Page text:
July 1

La fête du Canada day - in Canada’s capital region

For Canadians, Canada Day is the ideal time to express their pride in being citizens of Canada. The year 2008 was no exception, as the Canadians commemorated the 400th anniversary of the founding of Québec City, the 250th anniversary of parliamentary democracy in Nova Scotia, the 150th anniversary of the founding of British Columbia and the 141st birthday of Canada.
Of course, we were all very pleased to be in Ottawa on July 1st and we fully participated in the Canadian celebrations. However, before taking part in the festivities, we had to find some decent “Red & White” clothing to mix in with the crowd. This turned out to be quite easy and after fully equipping ourselves with the national colors, nobody could separate us from real Canadians anymore.
Except for the fact that alcohol is not allowed on the streets, Canada day in Ottawa is somewhat comparable to Queens day in Amsterdam: it’s very crowded (over 300,000 people in the city centre) and there’s a lot of different things to do and see, including workshops, concerts, demonstrations and performances. In addition, there was free entrance to all museums and some of us visited the Canadian Museum of Civilization and the National Gallery of Canada. Moreover, because of the beautiful weather, most of us preferred to be outside: lying in the park or drinking beers on one of the many terraces. The evening program included some amazing concerts on parliament hill. We enjoyed the performances of some apparently famous Canadian bands and artists, such as Paul Brandt, Danny Boudreau and Diane Dufresne. Some of us had hoped that the final act would be Amy Winehouse, but instead there was a Brian Adams-like artist (Blue Rodeo?), who closed the evening program. And then, after the anthem -at exactly 10.10 pm- there was an amazing fireworks show that went on for at least 20 minutes!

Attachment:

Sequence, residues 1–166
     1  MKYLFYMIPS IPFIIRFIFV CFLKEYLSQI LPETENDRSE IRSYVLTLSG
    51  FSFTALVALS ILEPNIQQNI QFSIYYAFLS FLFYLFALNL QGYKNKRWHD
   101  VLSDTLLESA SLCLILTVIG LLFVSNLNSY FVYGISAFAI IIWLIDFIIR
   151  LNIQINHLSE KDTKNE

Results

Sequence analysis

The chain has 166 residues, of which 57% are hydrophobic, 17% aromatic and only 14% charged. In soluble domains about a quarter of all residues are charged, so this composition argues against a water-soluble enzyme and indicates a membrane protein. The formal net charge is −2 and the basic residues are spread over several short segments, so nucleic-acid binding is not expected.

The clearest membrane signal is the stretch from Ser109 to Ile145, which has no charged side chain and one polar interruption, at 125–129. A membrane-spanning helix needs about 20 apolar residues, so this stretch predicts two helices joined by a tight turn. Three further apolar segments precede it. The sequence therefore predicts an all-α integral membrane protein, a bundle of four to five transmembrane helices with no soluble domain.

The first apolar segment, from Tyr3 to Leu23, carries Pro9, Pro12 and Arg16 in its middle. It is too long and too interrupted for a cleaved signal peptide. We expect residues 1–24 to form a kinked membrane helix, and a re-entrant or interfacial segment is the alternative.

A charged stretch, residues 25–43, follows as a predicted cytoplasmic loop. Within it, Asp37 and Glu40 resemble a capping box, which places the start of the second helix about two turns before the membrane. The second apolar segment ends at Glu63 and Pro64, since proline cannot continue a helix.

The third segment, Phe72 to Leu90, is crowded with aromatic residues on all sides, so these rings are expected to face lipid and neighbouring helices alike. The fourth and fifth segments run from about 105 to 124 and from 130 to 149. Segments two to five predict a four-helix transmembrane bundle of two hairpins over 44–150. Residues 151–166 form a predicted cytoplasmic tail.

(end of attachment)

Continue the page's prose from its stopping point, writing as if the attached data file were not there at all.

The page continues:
Surprisingly, most of the Canadians went home immediately after the fireworks. However -fortunately- some bars stayed open until late, so that some of us could continue the Canadian party with some interesting drunk Canadians. (Mark de Been)